Using funding from a Renewable Energy & Promotion in International Cooperation (REPIC) grant awarded by the Swiss federal government, BioShakti (India) is collaborating with Renergon (Switzerland) to introduce the use of dry anaerobic digestion in the city of Patiala in Punjab, India. Over the past decade, the highest rate of rice straw burning in India has occurred in the state of Punjab, leading to significant atmospheric releases of methane and other greenhouse gasses. The substantial quantity of rice straw that is available in Punjab, along with its extensive dairy industry, makes it an excellent candidate for implementing dry anaerobic digestion technology to reduce methane emissions.
Waste Plant to Produce CNG and Composts
Development is underway on a solid waste fermentation plant near the city of Patiala in southeastern Punjab that will co-treat cattle manure and rice straw. Renergon’s solid waste fermentation system (dry digestion in fermenter boxes) does not require the use of a mixable and pumpable substrate liquid blend, which greatly minimizes the need for water when organic waste is utilized. Including rice straw in the fermentation system eliminates the burning of straw in the fields and ensures a huge improvement in air quality. The biogas produced from the system will be processed and treated into compressed natural gas (bio-CNG) and stored in gas cylinders. Additionally, a multi-nutrient and humus fertilizer will be produced as marketable composts.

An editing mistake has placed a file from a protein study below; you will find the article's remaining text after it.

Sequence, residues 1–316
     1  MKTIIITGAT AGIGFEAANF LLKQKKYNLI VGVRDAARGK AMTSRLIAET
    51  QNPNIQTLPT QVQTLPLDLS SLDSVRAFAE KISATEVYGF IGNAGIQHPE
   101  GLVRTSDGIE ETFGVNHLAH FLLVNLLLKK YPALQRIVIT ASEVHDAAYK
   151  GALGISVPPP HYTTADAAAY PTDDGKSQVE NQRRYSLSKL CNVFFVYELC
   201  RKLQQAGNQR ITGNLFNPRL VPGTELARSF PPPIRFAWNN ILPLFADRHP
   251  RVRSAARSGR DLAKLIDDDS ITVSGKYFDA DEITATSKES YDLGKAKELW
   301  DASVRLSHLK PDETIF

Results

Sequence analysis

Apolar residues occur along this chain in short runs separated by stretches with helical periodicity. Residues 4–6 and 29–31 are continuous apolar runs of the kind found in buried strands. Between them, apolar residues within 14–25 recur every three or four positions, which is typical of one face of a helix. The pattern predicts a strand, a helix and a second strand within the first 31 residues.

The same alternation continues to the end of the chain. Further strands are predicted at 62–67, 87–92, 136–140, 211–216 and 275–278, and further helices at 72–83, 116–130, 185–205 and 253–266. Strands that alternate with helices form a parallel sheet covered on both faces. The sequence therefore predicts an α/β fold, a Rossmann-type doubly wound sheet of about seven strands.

Anticipated emission reductions from implementing the dry anaerobic digestion technology include approximately 792 tons per year of CO2e reduced by eliminating the burning of crop residue and manure management activities, and 2,700 tons per year of CO2e reduced by replacing the use of fossil fuels with the produced bio-CNG. Commercial production will begin in early 2021.